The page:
Bubble charts are common place in portfolio management processes. Without a designated portfolio management tool, I have designed bubble charts by hand using Excel and PowerPoint. To determine a ‘value’, we use our prioritization value scores and compare that among projects. We have risk scores as part of our prioritization criteria that drive the ‘risk’ portion of our bubble charts. The challenge in the past was how to interpret a score. Is a score of 500 good or bad?  Since my organization was experimenting with a new prioritization process, we didn’t know what was good or bad. Therefore, I made the decision to normalize the scores so that we could fairly compare good or bad projects within the portfolio rather than try to determine a threshold for ‘good’ projects. This has been helpful in identifying which projects drive more overall value to the organization compared to other current projects in the portfolio. The downside of this however, is that you are always going to have a few projects that look bad. Until now, I had been normalizing only among current projects in the portfolio, yet it suddenly dawned on me this morning, that I should also normalize among all projects, past and current in order to understand whether we get more value now than in the past.

One advantage of a bubble chart is to locate those projects that are higher value and lower risk and ask the question, “how can we get more of these types of projects in the portfolio?” Likewise with the lower value higher risk projects, we should ask how to avoid those types of projects. By normalizing with respect to past and current projects, we will see whether or not the projects are moving toward the higher value lower risk quadrant.

Can we absorb all the changes?

In the book, Project Portfolio Management: A View from the Management Trenches, one of the questions posed is ‘can we absorb all the changes?’  At first glance I dismissed the question and instead focused on the four components of the portfolio lifecycle. However, after further reading, it became clearer to me that from a portfolio management perspective, it is very important to understand how much change is being pushed out to the respective organizations. If there is too much change going on, it is hard for employees to absorb it, adapt to it, and accept it. This leads to excessive churn in the organization which has negative implications such as burn out, lowered morale, inability to get work done, etc.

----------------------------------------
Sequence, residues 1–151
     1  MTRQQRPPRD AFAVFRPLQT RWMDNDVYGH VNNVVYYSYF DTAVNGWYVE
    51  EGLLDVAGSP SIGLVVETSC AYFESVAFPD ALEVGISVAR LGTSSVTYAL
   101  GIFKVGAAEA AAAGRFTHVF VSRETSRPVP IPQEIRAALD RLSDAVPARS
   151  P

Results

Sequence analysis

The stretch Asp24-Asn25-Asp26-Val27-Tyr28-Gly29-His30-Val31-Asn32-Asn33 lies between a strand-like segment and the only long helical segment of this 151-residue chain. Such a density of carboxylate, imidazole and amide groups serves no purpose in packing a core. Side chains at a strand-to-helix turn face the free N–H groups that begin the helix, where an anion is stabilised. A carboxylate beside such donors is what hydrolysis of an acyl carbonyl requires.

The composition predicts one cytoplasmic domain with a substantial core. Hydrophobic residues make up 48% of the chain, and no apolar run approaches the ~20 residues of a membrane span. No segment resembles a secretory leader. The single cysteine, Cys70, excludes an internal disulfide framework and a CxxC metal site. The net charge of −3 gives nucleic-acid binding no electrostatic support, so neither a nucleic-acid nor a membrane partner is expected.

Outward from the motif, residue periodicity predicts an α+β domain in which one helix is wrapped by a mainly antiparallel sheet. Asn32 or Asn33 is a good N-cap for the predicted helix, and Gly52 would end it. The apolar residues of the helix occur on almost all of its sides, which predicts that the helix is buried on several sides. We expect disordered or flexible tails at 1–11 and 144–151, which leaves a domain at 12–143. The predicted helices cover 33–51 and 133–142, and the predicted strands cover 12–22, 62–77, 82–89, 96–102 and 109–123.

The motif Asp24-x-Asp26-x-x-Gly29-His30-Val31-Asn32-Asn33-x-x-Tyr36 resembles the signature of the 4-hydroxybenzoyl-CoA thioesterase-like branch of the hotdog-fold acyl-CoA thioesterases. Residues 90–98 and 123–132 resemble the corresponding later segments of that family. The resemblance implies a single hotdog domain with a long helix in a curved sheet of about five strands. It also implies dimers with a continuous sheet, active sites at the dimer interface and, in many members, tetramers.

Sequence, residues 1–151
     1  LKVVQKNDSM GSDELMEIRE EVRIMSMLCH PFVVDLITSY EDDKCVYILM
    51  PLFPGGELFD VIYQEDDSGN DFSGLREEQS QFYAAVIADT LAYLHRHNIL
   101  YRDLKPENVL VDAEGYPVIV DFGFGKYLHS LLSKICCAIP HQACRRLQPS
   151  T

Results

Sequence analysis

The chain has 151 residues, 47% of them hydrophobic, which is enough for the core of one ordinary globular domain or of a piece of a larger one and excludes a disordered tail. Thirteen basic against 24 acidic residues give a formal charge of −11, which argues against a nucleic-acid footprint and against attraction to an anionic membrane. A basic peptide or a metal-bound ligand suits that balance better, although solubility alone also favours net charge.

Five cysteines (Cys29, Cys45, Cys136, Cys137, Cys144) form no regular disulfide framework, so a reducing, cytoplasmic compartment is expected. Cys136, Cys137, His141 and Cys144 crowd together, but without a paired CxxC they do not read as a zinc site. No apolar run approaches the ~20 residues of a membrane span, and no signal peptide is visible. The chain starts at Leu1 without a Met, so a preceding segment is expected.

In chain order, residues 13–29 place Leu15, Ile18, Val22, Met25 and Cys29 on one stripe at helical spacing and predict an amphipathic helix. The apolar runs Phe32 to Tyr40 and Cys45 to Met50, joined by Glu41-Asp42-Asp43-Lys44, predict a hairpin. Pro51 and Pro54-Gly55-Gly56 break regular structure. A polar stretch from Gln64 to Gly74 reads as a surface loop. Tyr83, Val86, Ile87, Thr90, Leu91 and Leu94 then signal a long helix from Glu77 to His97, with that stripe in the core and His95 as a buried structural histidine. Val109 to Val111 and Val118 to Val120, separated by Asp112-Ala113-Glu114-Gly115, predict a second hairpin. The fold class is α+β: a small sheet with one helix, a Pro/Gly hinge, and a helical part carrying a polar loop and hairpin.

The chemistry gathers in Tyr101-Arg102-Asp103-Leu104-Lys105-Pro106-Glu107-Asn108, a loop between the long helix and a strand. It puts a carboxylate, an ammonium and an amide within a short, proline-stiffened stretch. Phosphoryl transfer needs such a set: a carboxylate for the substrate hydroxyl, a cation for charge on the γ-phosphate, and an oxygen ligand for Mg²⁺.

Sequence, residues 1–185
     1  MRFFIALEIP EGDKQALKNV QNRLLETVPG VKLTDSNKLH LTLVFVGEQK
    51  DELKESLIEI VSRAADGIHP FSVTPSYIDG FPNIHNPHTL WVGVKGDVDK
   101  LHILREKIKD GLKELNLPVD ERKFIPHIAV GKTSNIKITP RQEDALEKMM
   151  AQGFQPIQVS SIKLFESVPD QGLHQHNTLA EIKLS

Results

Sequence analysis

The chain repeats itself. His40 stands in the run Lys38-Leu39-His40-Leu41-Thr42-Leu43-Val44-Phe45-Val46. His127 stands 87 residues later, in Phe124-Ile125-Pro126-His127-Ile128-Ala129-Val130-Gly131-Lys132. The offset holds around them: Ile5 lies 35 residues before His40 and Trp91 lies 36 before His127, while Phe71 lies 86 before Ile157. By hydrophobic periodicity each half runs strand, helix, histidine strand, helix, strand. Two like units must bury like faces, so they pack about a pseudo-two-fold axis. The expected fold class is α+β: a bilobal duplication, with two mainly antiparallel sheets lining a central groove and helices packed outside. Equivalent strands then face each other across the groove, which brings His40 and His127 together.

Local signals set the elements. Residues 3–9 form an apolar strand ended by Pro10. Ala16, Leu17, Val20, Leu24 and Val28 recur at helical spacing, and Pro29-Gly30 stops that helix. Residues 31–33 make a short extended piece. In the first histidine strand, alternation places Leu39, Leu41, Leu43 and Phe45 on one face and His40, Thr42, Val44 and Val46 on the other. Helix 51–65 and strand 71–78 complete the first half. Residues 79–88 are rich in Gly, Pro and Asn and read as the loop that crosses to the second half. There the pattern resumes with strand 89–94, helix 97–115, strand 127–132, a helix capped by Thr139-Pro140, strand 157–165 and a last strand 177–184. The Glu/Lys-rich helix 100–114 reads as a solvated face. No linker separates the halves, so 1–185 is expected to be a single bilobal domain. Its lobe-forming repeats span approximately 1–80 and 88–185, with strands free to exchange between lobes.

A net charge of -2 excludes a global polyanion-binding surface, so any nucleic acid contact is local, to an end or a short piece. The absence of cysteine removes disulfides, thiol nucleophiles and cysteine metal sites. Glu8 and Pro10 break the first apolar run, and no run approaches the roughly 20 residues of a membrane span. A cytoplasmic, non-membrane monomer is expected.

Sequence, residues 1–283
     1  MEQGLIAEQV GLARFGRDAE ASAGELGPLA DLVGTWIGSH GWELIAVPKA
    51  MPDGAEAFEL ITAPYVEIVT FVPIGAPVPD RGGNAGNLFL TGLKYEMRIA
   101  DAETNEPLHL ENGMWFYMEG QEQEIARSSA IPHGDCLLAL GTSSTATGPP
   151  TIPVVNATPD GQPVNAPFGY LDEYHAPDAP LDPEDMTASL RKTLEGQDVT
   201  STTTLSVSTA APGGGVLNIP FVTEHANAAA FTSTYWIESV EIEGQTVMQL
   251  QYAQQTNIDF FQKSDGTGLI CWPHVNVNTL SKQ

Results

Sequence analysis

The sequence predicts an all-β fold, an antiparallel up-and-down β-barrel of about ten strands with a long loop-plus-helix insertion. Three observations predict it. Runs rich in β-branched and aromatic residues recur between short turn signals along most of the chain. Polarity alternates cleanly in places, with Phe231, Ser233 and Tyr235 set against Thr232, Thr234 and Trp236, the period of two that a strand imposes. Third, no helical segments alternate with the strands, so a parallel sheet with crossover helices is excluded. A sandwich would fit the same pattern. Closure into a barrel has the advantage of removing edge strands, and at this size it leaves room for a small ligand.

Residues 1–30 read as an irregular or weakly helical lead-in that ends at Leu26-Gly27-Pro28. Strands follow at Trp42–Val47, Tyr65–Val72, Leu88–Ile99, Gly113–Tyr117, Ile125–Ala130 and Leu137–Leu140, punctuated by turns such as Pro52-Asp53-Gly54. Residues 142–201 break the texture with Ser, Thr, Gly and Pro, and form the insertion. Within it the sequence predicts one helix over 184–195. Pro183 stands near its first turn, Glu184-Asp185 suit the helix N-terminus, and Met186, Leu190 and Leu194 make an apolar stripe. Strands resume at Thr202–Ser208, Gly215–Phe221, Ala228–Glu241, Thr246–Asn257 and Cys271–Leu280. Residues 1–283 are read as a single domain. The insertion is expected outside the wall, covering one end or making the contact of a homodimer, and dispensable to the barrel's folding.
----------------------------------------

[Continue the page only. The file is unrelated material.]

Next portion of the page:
In my experience as a portfolio analyst, I have heard of other organizations complaining about the amount of change we were introducing to them, particularly at the wrong time. Individually, a system manager or project manager may communicate an individual change to an organization or group of users, yet have no idea about the magnitude of changes coming from other system managers and project managers. This is where portfolio management needs to understand both the amount and the timing of change to the company. As the book points out, it is possible to measure the amount of total change and the timing. Having such visibility give senior management a way to optimize the portfolio by adequately sequencing work so as not to overload the system with too much change at any given point in time.

Of course this is a communication issue, where both the project team needs to communicate implementation dates and the project beneficiary needs to communicate “black out” dates. However, without the portfolio level visibility, it is hard to maintain proper surveillance and protect organizations from receiving excessive change.